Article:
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Re: Official: Lc0 is the strongest engine :)

Post by Werewolf » Sun Oct 14, 2018 8:35 pm

lkaufman wrote:
Sun Oct 14, 2018 2:06 pm
Laskos wrote:
Sun Oct 14, 2018 12:20 pm
lkaufman wrote:
Sat Oct 13, 2018 11:50 pm
You inspired me to run a test to see if Komodo MCTS also plays middlegames relatively stronger than endgames. Current Komodo MCTS (dev) on one thread now can beat normal Komodo 9.1 (by 31 elo in my test). I then reran the test starting with positions with the queens already exchanged. The result was almost the same (+27 elo). So the endgame dropoff is unique to Lc0, which suggests that the cause is the neural network, rather than the MCTS search. It seems to me that the strength of Lc0 is not because the neural network evals are all that good, but is because they are much faster than a similar quality short normal search if they are run on a good GPU. It's as if the fast GPU makes the NN act like a rather poor evaluator with a normal search running at super-speed. Maybe I'm wrong, but that's the way it looks to me. If someone finds a way to use a good GPU effectively with a more normal eval, that might be the "holy grail" of computer chess.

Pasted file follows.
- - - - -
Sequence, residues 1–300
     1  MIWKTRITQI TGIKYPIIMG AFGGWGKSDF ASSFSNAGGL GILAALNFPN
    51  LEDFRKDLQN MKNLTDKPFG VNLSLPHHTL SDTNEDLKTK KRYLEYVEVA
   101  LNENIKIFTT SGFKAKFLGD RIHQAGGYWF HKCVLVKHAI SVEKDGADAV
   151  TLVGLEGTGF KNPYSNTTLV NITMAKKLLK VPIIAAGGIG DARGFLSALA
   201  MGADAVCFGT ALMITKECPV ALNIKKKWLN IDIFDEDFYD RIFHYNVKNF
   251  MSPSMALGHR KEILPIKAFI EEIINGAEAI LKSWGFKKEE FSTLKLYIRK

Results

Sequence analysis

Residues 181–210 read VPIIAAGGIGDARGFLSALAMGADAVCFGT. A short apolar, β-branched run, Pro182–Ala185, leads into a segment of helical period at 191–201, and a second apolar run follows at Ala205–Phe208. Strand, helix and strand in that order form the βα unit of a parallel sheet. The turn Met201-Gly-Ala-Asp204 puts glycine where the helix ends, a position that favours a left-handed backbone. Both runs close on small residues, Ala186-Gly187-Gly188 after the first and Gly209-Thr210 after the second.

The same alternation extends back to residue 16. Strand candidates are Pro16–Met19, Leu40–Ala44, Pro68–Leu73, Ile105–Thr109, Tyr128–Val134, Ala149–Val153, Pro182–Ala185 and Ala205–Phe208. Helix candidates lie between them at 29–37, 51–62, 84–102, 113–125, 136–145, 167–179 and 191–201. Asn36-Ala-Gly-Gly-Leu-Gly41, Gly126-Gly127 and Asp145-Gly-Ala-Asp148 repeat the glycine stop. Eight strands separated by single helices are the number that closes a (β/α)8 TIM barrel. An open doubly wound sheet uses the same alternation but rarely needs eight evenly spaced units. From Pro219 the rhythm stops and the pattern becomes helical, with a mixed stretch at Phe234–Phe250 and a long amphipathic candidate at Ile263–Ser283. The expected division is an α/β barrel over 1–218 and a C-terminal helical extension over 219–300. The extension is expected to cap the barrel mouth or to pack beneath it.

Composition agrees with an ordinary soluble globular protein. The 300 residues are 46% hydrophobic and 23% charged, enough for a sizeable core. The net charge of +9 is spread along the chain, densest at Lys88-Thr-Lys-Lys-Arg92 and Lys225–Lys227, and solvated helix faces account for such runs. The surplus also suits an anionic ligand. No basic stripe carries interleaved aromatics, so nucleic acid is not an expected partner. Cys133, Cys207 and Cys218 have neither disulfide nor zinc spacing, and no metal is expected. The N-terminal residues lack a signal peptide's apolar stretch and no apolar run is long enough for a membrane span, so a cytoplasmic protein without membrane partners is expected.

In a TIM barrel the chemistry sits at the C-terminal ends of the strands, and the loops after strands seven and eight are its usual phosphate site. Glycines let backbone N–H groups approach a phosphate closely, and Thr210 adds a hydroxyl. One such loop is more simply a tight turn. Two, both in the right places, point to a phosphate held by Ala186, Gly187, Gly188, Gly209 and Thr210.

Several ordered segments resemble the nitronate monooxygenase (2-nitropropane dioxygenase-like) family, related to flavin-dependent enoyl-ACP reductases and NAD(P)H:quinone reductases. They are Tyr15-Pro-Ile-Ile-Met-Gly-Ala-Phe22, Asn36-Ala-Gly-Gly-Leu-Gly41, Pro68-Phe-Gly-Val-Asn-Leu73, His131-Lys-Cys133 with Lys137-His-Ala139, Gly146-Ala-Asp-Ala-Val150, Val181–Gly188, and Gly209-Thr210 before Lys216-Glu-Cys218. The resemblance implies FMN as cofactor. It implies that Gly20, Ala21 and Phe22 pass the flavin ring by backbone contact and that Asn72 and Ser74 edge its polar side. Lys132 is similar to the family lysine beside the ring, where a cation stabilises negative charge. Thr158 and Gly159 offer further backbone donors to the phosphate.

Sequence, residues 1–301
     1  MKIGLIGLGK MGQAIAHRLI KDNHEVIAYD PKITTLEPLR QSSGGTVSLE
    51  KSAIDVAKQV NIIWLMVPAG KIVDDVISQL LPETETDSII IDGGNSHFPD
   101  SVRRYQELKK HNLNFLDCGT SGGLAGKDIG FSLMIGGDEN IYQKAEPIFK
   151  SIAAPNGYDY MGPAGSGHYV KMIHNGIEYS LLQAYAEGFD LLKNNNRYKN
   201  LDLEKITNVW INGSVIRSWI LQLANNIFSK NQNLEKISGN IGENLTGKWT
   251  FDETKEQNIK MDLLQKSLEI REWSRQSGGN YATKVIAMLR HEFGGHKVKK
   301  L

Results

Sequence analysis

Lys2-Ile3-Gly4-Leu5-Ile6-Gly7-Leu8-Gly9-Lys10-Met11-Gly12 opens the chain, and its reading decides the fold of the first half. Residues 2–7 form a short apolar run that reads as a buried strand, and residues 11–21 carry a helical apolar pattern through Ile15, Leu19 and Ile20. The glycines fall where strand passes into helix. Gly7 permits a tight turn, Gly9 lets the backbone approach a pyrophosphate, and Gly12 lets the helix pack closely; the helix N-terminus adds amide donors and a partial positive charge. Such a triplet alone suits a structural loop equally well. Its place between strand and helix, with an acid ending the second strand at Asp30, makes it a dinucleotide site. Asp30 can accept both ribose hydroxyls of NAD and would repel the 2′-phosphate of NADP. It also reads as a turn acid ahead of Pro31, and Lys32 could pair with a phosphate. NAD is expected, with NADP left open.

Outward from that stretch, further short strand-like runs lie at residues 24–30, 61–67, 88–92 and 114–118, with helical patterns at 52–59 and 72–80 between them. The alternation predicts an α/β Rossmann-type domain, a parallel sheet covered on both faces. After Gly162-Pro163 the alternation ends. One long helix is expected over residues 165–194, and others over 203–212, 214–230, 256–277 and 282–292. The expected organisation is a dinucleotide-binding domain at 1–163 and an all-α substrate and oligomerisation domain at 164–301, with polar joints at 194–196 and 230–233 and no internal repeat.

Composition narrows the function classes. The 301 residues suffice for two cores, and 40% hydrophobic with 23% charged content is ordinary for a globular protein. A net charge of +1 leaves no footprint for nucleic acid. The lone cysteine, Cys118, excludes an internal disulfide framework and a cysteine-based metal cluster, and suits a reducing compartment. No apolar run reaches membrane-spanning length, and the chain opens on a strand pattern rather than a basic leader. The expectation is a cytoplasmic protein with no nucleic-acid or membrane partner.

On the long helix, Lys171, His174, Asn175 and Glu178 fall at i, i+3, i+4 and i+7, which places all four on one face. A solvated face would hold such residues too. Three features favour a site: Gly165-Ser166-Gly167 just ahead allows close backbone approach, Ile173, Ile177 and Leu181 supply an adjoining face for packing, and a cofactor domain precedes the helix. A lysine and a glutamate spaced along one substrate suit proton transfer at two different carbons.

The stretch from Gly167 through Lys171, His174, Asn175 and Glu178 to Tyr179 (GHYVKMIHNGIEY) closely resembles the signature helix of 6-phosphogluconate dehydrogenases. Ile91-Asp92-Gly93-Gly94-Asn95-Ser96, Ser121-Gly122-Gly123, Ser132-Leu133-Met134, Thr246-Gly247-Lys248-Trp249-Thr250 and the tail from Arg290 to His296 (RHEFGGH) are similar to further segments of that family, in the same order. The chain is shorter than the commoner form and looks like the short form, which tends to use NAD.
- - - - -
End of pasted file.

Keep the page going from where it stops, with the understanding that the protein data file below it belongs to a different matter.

I don't think so. First, the Leela's NN eval is very bulky and slow. And "black-box-like" with its many layered convolutions. We don't know what it is doing and will never know with such a complex net. I had past experience with images in Matlab (10 years ago or so), and after just two 3x3 convolutions from a simple image and a filter, it becomes a scramble. De-convolution only works to some degree, and only knowing the precise form of convolutions. "Blind de-convolution" works poorly even with a simple image and one filter. Imagine a Chess Board representations and such a layer of convolutions. Yes, this thing is compute-hungry, CPU, GPU, FPGA --- what works better, and CPU here fares badly. But I would say the opposite: this "black-box" slow eval is very strong, and can even account (strength-wise) for regular strong eval + 2-3 plies AB search, which is amazing. It is used in policy and value heads during its very slow MCTS search, VERY much slower than Komodo MCTS search (hundreds of times, maybe one-two thousands on CPU). And the MCTS search itself in Komodo is AFAIK more involved than the Lc0 MCTS search.